Thinking Out Loud about The Iliad, Part 4

The will of Zeus is unknowable until he reveals it. In Book XV he declares—apparently for the first time—that Patroclus will die (and it seems to be the first time that the death of Sarpedon is mentioned). The narrator, however, has already foreshadowed this tragedy when Achilles asked Patroclus to go to the warfront (“this was the beginning of his doom” or similar wording). We are unable to ascertain the overarching purpose of Zeus in history, perhaps because Homer only gives us part of the whole story of the gods. We know that in The Iliad the overarching purpose of the story is to give glory to Achilles, though it is difficult to understand why, since Zeus loves Troy.

The Iliad seems to attempt a theodicy, reconciling the reader to the gods. It seems to be an explanation of why evil and strife exist in the world. The world of the gods mirrors the world of men with its strife and struggles, and humans get caught in the battle between the gods. In the end, even the gods can’t override fate, not even Zeus. Had Homer provided an easy explanation to strife and problems in the world, the Greek reader might have dismissed the work as incompatible with reality.

Surely, Zeus seems to be the supreme ruler because he has greater strength than Hades and Poseidon, but he also must be greater in other senses (i.e., it cannot be only sheer strength that gives him the right to rule). The problem that Plato had with Homer’s view of the gods was that the gods did not correlate with the good. Furthermore, Plato believed that the gods as presented in Homer’s works corrupted the youth because they did not present good models for them to follow: if all the youth strived to be like the gods, this would hurt Plato’s ideal republic. Even so, Homer does present characters in The Iliad that are somehow attempting to be like the gods. Of course, this does not mean that they wanted to be like the gods in every way, but just that tried to attain some divine excellence.

Glaucon and Sarpedon state that since life is short, they should make the most of it and die with glory. Achilles seems to have a nihilistic view, stating that since everyone dies—regardless of whether he fought bravely—then it is better to avoid dying. Although Achilles seems to have this view, he does not act upon this belief. Apparently, his mother told him that he had two fates (whether this is true, we don’t know, but if it is, he is the only one who has two fates ascribed to him): one is to remain, fight, and die early with glory; the other is to return home and live a long and quiet life with no glory. From the beginning of the book, Achilles toys with the idea of going home, but in every speech he pushes back the voyage home to a later date. By the time of the death of Patroclus, Achilles has no choice but to stay and fight. When Patroclus dies, the reader cannot help but tip his sentiments towards Achilles. The reader easily feels with Achilles his devastation because the reader has also become attached to the dead man. But in the latter third of the story, Achilles again loses that privileged position with the reader because of the warrior’s uncontrolled, frenzied thirst for revenge and destruction. The Iliad’s main theme concerns anger and its destructiveness, as is seen in the opening word “mene,” and in the closing scene, showing the result of anger and strife.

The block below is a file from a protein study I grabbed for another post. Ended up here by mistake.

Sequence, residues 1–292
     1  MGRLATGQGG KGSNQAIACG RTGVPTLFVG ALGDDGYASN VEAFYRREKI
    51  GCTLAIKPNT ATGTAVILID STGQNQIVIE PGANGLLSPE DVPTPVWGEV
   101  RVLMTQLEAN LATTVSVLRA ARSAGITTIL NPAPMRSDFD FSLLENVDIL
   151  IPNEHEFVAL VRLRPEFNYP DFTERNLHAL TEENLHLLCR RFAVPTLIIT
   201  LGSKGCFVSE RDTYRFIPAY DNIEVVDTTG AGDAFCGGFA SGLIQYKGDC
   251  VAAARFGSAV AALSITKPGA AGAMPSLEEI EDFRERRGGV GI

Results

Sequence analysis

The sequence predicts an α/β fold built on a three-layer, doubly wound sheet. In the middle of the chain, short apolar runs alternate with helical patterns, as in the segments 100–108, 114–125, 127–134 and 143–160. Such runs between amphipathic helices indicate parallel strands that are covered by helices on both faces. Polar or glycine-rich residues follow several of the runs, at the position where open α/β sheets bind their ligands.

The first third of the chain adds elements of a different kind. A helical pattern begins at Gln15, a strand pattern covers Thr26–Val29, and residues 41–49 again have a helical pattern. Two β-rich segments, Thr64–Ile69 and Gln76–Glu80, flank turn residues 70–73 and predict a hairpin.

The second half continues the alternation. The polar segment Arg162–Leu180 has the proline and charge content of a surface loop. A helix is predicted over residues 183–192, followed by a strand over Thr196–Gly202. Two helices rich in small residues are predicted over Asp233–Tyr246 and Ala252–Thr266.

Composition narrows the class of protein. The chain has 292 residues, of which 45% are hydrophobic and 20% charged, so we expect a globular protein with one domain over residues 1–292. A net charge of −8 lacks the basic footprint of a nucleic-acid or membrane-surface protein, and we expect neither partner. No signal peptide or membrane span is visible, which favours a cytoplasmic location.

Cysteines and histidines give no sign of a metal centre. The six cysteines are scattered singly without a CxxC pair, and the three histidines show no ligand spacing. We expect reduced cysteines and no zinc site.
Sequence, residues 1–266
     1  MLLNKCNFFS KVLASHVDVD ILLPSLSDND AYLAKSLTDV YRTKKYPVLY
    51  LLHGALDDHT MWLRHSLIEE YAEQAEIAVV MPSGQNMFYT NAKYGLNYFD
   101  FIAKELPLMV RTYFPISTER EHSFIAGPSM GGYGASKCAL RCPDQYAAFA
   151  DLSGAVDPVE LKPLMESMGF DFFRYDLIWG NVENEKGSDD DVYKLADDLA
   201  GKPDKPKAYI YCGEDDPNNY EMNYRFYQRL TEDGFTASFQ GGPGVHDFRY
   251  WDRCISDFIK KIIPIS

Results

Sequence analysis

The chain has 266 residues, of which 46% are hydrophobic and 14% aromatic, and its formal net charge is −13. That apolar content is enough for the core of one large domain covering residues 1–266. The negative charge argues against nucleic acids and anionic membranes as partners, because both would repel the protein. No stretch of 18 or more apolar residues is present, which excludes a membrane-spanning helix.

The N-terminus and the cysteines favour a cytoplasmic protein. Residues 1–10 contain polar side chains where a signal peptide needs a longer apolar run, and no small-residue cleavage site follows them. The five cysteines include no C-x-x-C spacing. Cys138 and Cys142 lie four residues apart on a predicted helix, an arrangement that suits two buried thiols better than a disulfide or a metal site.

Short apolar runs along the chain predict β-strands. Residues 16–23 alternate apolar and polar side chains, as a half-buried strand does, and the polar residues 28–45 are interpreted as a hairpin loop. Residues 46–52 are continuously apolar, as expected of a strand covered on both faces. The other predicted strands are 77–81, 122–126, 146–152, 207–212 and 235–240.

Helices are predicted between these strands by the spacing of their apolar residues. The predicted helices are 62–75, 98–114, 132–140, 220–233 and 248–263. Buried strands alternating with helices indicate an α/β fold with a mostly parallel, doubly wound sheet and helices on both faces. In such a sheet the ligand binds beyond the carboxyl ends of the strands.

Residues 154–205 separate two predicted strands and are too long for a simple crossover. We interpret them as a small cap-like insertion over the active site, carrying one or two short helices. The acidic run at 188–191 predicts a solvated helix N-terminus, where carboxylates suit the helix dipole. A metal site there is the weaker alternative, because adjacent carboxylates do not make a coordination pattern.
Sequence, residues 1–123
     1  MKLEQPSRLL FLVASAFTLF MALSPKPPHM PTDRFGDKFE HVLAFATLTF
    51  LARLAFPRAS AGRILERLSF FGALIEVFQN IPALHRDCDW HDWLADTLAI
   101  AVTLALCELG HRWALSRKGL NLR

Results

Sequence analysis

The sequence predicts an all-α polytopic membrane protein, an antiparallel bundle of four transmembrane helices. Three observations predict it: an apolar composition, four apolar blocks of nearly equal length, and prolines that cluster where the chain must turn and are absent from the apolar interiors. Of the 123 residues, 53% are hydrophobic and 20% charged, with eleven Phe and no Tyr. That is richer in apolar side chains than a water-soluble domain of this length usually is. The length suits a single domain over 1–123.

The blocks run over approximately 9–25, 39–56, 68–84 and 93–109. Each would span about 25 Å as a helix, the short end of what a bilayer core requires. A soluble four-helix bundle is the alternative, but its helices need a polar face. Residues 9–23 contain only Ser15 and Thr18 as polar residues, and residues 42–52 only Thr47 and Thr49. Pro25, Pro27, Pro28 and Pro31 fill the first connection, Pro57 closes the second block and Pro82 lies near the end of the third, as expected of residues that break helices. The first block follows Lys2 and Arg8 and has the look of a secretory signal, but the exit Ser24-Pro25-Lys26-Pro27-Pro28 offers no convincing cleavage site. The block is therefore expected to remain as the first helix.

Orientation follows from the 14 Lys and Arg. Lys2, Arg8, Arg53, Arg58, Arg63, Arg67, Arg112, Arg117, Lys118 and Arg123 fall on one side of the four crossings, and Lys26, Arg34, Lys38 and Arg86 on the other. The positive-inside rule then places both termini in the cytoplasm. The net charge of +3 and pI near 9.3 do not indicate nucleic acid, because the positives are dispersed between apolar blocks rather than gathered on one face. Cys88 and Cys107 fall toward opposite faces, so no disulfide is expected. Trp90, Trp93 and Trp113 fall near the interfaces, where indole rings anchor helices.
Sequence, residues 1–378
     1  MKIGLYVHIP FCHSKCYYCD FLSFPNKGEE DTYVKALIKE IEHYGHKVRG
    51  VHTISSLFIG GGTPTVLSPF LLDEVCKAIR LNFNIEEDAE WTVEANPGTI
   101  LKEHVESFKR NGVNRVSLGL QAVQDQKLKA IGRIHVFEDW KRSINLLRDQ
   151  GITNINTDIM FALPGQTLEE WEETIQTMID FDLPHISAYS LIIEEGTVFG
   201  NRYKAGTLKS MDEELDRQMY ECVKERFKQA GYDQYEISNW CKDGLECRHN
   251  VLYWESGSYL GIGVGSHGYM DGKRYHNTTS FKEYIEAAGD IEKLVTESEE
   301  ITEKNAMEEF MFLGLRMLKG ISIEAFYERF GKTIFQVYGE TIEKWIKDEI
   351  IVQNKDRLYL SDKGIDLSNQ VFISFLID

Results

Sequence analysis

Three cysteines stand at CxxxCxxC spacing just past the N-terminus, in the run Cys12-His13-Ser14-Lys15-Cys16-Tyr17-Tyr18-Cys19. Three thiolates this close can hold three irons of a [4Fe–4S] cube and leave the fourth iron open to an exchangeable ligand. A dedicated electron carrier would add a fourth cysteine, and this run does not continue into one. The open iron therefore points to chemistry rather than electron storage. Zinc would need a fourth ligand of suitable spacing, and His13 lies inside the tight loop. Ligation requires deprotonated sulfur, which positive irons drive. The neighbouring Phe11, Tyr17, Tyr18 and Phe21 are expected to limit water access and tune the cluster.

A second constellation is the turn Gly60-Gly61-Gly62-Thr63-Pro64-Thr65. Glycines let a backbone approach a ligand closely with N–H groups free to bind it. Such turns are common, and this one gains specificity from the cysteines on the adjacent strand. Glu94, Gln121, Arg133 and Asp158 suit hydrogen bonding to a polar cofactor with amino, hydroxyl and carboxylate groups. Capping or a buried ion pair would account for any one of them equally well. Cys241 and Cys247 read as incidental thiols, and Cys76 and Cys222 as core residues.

When Agamemnon overstepped his boundary in insisting on his own glory, he states that he did this by “divine madness” (ate) and recognized it (Book IX). He admitted his error and tried to make amends. Achilles should have also recognized this “divine madness” in his own life, but because he kept insisting upon his right and his own glory, he destroyed himself and his people. Achilles never admits his wrongdoing like Agamemnon does.

Incidentally, The Iliad is full of gory descriptions of the battle. These are not meant to fill a lust for violence like modern movies do. Rather, they are meant to show the reality of the battle, but they are humanized in several ways. First, no soldier dies without at least being named, and many with a brief or long description of their lives. Bodies belong to families or friends who weep for them. Second, most of the similes (those of flowers or animals) appear in the battle scenes to soften the blow of the deaths, to give relief to the reader.


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